My favorite art materials and supplies

My favorite art materials and supplies

There are a million and one products out there to choose from for art making and production, but below is a list of materials and supplies I love and use regularly!

#1: Copic Markers

Copic Markers are truly so dreamy. I use these to create nearly all of my illustrations. They're alcohol based and super blendable. They even sell colorless markers to aid with blending (I recommend these), as well as refill cartridges so you can replace the ink without having to purchase a whole new marker.
TIP: They are expensive, but you don't need every single color. You can create a lot of colors through laying one color on top of another. For example, I never use black I will first use "dark bark" and then put "ultramarine" blue on top of it and voila!
Here are a few of my illustrations done with copic markers!
Here are a few of my illustrations done with copic markers!

#2: Prismacolor Premier Fine Line Markers

I love these bad boys. For all of my illustrations, I will first sketch out the drawing in pencil (I prefer mechanical pencils due to the thin tip and laziness of not having to sharpen it). Once I have my final sketch, I will then ink my lines using Prismacolor Premier fine line markers. They come in packs that range from .005 to .08 tip thickness. I find myself most often drawing with the .03 thickness, but it is nice to have a small range in case you need a very tiny detail or something a little bit more prominent.

TIP: If you are using these markers to draw over pencil, wait 5 minutes after tracing with the markers before erasing your pencil lines underneath. This will give the marker time to dry and eliminate unwanted smudging.

#3: Bristol Board

I use Strathmore Bristol Board smooth surface for all of my final illustrations. Each sheet is nice and thick (100lb), giving your final drawing a professional quality. You can find Bristol Board in any local art shop.
TIP: Leave a small border when creating a final drawing. Never draw all the way to the edge because then you don't leave any margin for error or adjustment.

#4: Winsor & Newton Oil Paint

Truth be told, my paint box is a hot mess and I have all different brands of paint mixed in there. However, if I had to go out and buy more paint- this is what I'm buying. More specifically their Winton Oil collection. The starting consistency is thick and great and I have no complaints.
TIP: Clean the tube tops as you use them so you don't end up with a million paint
tubes dried shut. Totally speaking for a friend.

A few of my oil paintings!
A few of my oil paintings!

#5: Canon Pixma Pro 100

I have the Canon Pixma Pro 100 Inkjet printer and use this for creating all of my greeting cards and art prints. The initial printer cost and monthly ink cartridge replacements are costly, but having a printer gives me a lot of freedom and control. The quality is vibrant and crisp, and I even print my large 13x19 inch size posters using my Canon Pixma Pro.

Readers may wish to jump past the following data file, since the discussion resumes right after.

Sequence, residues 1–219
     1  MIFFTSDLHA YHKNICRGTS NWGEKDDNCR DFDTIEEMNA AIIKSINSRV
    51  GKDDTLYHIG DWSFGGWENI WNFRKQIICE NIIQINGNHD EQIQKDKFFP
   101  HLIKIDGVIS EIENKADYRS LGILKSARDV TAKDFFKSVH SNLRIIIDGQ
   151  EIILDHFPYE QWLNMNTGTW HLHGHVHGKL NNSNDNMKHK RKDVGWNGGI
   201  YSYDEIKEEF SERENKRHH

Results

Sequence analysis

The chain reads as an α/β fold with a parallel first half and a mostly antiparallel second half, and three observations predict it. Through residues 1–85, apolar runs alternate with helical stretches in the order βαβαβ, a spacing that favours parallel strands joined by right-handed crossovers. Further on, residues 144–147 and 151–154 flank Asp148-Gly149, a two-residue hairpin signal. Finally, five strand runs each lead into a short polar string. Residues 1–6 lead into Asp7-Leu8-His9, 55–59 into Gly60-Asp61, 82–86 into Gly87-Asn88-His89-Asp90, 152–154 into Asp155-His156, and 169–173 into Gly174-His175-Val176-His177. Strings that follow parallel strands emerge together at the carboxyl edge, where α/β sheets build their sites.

TIP: The paper you use MATTERS! You need inkjet compatible papers and for the print settings to match the paper needs in order to get a quality print. I use Red River Paper Company for all of my paper, and would highly recommend them. They give you spending points to use as credit towards future orders, and their papers come with an instruction sheet on how to setup your print settings.

#6: Epson Perfection V600 Photo Scanner

I use a scanner to transfer all of my drawings into digital files. This allows me to replicate an original design into greeting cards or prints. The Epson Perfection V600 Photo Scanner captures my drawings with detail, saturation, and brightness. Before I bought my scanner, I used to take photographs of my work and then create a print from the photograph file. I still use this method for creating prints of my paintings. However, for 2D drawings the scanned quality is incomparable to a photograph.
TIP: I always have my scan setting set to "magazine." I have found this setting gives me the best quality scan, and if I need to touch up the file before creating prints I use Photoshop.

#7: Adobe Creative Cloud

This doesn't quite fall under the category of materials and supplies, but I could not operate my business without Adobe Creative Cloud. I use Adobe Photoshop and Indesign from time to time, but I rely on Adobe Illustrator heavily. I use this software for formatting all of my greeting cards, imputing text into a design, adding solid color backgrounds behind my drawn artwork, etc. There are endless uses for Adobe Illustrator, and you can find courses on YouTube or to explore the possibilities!
TIP: If you get an Adobe membership you gain access to their apps as well. I use the PS Express app on my iPhone to edit product photos for Etsy and social media.
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